A case with a leather-like finish houses a metal instrument. The case has a shoulder strap and a buckle closure.
The instrument’s console faces upwards towards the lid. The console has a battery gauge, a power switch, and a large circular dial, a silver power switch, and other features.
The large dial is actually a removable element that is attached to a white plastic sample holder. The dial is used to rotate the sample within a chamber in the instrument.
Accession Number: 2019.ph.828
Remanent Specimen Magnetometer Model PSM-1
Primary Materials: Metal, plastic.
The word “Remanent” is written above the has been written above the printed text “SPECIMEN MAGNETOMETER” on the console of the instrument.
The words “TURN OFF AFTER USE” and “UP=ON” is written adjacent to the switch labelled “POWER”
The words “Lab environment is too noisy to use these scales” is written beside the top-most two settings of the switch labelled “EMU// FULL SCALE”
The word “NORTH” has been written above the upper quadrant of the sample chamber.
The number “12203” has been stamped in ink at the upper periphery of the sample chamber.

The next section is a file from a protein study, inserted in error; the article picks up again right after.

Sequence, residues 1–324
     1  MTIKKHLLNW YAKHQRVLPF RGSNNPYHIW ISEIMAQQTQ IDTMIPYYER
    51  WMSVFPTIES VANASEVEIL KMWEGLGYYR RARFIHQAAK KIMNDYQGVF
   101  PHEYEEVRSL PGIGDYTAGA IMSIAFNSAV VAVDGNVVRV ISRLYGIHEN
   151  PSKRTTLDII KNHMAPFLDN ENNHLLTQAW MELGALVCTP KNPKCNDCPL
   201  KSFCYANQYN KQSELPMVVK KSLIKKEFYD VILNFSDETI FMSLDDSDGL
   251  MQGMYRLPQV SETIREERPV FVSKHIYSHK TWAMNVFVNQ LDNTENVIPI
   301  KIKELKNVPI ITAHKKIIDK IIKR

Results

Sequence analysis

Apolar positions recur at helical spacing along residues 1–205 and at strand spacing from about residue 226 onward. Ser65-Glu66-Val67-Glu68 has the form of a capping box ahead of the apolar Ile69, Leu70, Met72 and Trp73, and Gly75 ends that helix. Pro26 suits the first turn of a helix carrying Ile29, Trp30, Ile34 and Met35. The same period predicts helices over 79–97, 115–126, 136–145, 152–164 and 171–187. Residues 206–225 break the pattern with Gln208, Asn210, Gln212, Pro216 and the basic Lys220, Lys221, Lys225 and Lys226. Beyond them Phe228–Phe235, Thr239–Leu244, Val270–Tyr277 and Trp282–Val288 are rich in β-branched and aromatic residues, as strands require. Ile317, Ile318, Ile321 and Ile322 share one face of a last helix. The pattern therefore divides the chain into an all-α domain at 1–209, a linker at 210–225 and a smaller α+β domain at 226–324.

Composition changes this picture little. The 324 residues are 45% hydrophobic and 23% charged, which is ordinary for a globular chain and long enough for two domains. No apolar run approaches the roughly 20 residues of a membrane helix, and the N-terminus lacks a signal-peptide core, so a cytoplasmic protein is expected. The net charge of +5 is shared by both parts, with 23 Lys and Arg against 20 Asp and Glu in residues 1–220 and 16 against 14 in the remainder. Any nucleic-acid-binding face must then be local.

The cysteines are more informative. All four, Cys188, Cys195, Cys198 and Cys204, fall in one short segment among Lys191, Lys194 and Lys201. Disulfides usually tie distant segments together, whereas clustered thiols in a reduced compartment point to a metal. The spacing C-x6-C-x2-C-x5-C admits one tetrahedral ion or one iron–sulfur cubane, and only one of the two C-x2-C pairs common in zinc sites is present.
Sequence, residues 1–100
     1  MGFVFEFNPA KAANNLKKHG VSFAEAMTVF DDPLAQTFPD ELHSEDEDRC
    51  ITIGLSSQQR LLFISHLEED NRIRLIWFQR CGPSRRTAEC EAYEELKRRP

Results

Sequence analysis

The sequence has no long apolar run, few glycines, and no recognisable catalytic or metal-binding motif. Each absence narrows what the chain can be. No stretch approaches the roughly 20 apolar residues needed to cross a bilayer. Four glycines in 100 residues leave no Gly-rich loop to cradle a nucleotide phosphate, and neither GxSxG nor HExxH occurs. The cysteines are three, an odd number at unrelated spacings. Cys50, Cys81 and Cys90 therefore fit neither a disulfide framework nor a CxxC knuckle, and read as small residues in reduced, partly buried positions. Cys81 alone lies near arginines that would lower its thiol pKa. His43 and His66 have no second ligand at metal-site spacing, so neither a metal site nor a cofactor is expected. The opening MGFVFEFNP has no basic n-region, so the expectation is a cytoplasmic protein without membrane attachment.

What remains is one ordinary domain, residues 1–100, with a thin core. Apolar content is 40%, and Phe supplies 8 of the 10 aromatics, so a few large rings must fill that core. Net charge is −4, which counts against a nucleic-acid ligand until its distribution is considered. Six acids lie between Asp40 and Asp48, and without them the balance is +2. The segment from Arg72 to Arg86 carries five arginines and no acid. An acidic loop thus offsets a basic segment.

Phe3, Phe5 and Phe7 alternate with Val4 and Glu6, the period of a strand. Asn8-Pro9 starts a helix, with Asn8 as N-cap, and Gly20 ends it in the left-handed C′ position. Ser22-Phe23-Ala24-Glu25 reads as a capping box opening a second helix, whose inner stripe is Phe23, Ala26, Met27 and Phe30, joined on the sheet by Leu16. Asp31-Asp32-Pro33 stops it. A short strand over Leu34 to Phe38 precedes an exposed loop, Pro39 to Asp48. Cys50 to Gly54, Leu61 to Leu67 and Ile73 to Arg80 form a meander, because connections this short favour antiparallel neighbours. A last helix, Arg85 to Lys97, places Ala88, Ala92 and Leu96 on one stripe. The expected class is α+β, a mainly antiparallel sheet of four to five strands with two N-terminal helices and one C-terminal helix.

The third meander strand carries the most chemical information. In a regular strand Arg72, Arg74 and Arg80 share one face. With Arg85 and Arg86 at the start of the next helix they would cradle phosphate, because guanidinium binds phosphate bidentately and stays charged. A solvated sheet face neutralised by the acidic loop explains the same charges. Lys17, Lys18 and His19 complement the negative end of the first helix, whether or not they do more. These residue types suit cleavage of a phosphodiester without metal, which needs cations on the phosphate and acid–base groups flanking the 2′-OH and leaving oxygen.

Dimensions (cm): Height = 22.5, Width = 15, Length = 27.
This instrument measures the remanent magnetization of a magnetic mineral sample. This can provide information about the history of the earth’s magnetic field, and the geological history of a sample.
Very Good: There is some corrosion around the base of the switch labelled “EMU FULL SCALE”.
Schonstedt Instrument Company, Reston, Virginia.
Date of Manufacture: c. 1970s-1980s
This artifact was gathered from room 0007A in the McLennan building on March 21st, 2019.
It was used as part of the teaching lab run by the applied geophysics group at the University of Toronto Department of Physics.
This model of instrument is mentioned in the following University of Toronto-related article.
Geissman, John Wm., David W. Strangway, Ann M. Tasillo-Hirt, and Larry S. Jensen. “Paleomagnetism of Late Archean metavolcanics and metasediments, Abitibi orogen, Canada: tholeiites of the Kinojevis Group.” <i>Canadian Journal of Earth Sciences</i>, 1983, 20:436-461